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Globalizing JusticeThe Ethics of Poverty and Power$
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Richard W. Miller

Print publication date: 2010

Print ISBN-13: 9780199581986

Published to Oxford Scholarship Online: May 2010

DOI: 10.1093/acprof:oso/9780199581986.001.0001

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Kindness and Its Limits

Kindness and Its Limits

Chapter:
(p.9) 1 Kindness and Its Limits
Source:
Globalizing Justice
Author(s):

Richard W. Miller (Contributor Webpage)

Publisher:
Oxford University Press
DOI:10.1093/acprof:oso/9780199581986.003.0002

This chapter confronts Peter Singer's enormously influential argument for giving up all luxuries and frills to aid the global poor, an argument based on the appealing principle that one ought to be willing to prevent something very bad from happening whenever one can do so without sacrificing anything morally significant. In opposition to this principle of beneficence, the chapter defends a moderate principle that only requires underlying concern for neediness as such that is sufficiently great that more would impose a significant risk of worsening one's life, if one lived up to one's other responsibilities. After grounding this principle on a morality of equal respect, and criticizing moralities of impartial concern, this chapter offers an alternative assessment of the cases of obligatory nearby rescue to which Singer appeals. These rescues are mandates of policies for implementing the moderate principle that everyone committed to it has reason to adopt, policies attending to nearby perils, which do not support Singer's radical global demands.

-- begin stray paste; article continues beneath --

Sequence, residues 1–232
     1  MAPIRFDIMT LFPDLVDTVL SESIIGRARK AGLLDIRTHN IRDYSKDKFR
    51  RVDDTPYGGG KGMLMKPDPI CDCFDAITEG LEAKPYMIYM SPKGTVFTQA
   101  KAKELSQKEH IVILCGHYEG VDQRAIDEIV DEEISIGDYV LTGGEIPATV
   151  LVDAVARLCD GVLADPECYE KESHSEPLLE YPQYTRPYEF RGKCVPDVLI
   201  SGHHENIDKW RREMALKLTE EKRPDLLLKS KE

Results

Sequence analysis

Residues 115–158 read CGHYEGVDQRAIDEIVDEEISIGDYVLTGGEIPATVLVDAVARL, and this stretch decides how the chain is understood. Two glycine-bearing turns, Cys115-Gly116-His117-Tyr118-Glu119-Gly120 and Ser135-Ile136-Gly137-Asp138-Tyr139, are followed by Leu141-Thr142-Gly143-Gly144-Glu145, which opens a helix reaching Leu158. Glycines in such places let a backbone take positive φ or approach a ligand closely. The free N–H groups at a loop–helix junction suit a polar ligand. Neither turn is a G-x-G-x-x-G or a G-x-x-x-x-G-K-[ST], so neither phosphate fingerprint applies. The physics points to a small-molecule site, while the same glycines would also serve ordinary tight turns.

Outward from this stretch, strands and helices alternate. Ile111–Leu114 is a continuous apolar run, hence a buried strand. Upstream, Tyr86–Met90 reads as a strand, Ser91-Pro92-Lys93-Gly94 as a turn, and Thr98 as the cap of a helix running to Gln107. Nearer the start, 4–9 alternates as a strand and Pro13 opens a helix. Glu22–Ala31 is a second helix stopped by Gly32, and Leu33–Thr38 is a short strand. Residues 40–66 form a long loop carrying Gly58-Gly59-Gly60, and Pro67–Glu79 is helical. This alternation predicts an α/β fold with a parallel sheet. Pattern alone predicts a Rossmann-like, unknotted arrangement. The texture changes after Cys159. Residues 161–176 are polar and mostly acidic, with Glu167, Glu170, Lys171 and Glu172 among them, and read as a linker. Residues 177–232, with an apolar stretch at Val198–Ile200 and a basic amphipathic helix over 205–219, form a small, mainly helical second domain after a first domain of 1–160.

Keywords:   Peter Singer, global poverty, rescue, beneficence, impartial concern, respect

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